Over at Baseball Prospectus, Christina Kahrl has crunched the numbers and discovered that today's catchers are hitting better than ever:
If anything, we're in a golden age of catcher hitting, something that has everything to do with the adaptive choices teams are making to make sure they don't have to wind up with no-hit backstops.
The reason should have to do that teams are trading defense for offense, that with the running game down, that teams shift toward catchers who can hit. Or it can simply be cyclical. Or there's been more efficiency by the teams in finding catchers who are overall better than they have been in the past.
All possibilities, and all probably true to varying degrees.
I believe the best explanation is the simplest explanation: More than ever, teams today base their personnel decisions on factors they can quantify. And one of the catcher's primary jobs -- working with pitchers -- has long been considered unquantifiable, or nearly so.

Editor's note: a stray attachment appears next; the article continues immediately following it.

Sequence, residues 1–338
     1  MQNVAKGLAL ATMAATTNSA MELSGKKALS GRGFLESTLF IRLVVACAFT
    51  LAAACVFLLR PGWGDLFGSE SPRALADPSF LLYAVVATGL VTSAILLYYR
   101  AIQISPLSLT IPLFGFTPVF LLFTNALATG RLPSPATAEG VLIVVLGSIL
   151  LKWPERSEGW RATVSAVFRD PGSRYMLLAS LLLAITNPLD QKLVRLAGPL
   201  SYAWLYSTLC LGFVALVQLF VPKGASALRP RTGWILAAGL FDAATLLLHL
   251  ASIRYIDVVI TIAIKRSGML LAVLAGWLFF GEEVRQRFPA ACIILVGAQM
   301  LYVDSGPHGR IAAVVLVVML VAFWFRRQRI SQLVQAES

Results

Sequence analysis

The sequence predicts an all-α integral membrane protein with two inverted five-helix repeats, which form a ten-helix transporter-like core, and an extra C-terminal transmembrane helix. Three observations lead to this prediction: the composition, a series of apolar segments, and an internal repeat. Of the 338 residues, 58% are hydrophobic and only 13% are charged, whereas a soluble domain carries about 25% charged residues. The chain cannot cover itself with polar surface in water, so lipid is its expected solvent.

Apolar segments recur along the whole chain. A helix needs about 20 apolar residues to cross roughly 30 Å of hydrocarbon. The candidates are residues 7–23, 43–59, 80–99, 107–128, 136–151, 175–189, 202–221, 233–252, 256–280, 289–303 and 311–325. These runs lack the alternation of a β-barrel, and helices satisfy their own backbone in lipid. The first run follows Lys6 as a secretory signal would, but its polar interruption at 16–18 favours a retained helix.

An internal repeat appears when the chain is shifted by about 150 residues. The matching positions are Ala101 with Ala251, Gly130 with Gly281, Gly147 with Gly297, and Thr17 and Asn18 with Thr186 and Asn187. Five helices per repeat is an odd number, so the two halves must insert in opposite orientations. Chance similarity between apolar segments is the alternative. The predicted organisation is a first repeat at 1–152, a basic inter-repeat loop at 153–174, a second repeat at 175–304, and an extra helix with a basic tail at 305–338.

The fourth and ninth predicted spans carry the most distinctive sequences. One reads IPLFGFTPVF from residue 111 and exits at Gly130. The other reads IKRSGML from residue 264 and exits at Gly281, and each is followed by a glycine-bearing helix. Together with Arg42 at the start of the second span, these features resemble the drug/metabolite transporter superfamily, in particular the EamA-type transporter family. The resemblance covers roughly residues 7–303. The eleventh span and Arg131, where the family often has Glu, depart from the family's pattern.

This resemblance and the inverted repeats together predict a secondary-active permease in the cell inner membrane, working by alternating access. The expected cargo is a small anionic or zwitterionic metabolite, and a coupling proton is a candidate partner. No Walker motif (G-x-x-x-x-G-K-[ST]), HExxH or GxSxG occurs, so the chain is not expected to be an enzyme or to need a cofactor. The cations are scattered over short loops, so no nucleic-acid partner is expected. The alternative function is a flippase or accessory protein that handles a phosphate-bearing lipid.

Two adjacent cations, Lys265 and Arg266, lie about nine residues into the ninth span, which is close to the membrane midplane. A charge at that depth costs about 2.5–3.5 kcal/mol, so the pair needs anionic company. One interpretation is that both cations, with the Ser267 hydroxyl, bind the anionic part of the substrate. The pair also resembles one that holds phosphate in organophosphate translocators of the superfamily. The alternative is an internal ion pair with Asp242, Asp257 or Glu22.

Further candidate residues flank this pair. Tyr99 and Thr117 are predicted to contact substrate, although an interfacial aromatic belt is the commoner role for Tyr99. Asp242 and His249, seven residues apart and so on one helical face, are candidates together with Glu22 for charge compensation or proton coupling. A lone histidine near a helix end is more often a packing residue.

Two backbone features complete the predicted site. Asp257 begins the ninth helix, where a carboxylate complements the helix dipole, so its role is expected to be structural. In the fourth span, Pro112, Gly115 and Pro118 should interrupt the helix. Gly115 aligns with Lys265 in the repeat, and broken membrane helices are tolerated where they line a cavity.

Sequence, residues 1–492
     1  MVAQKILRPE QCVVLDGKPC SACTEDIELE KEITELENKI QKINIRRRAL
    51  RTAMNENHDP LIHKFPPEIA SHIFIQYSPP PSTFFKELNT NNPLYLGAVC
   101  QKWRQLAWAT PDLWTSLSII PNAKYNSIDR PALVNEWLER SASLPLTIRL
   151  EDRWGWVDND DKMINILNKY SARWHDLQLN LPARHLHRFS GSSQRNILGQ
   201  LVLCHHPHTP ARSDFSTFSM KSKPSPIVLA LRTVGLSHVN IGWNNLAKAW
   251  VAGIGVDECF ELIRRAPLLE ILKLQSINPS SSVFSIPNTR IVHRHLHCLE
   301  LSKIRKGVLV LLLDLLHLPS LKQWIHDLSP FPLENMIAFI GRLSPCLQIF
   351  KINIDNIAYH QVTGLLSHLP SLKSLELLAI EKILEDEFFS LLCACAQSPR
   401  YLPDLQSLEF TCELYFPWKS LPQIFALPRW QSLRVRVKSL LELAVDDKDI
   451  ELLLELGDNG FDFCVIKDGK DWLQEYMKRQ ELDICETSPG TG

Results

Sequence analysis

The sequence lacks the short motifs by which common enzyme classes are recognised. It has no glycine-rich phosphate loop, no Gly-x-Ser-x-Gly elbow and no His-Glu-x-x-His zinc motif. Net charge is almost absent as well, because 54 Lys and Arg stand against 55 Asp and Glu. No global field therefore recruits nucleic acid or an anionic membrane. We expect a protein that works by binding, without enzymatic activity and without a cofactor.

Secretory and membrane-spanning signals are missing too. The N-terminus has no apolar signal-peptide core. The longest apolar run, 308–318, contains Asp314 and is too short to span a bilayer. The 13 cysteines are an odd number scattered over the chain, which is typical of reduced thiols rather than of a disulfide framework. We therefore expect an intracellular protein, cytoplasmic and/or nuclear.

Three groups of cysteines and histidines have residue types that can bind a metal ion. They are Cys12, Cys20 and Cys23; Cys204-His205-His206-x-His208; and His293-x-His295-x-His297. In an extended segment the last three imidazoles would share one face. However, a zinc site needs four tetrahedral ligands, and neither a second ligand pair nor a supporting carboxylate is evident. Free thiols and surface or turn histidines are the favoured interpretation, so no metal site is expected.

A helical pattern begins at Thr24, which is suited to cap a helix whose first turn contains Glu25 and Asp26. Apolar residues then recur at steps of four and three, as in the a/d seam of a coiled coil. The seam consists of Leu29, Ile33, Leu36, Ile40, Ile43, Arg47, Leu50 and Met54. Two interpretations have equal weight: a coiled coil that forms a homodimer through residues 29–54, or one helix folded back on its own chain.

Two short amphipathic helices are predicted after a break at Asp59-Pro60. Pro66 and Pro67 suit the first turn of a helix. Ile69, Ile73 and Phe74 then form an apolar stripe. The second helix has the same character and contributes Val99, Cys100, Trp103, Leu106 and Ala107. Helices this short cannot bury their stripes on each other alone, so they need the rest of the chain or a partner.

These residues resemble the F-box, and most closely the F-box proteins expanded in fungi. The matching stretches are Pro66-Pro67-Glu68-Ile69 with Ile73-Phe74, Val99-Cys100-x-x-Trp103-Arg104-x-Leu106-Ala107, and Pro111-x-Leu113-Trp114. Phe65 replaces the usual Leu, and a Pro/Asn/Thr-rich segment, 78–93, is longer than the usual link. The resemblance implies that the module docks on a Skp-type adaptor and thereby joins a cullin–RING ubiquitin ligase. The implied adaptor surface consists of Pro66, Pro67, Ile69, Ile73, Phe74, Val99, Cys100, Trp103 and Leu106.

This is changing, as we speak. Thanks to PITCHf/x and now COMMANDf/x, it's becoming possible to quantify almost everything a catcher does that previously wasn't really open to objective analysis. And some of those things might add up to serious run prevention.
Which is why I believe the pendulum may soon swing back the other way, with more weak-hitting catchers rather than fewer. We might be entering a Golden Age of Catcher Fielding. And won't it be delightful if Mike Scioscia has been right about Jeff Mathis all along?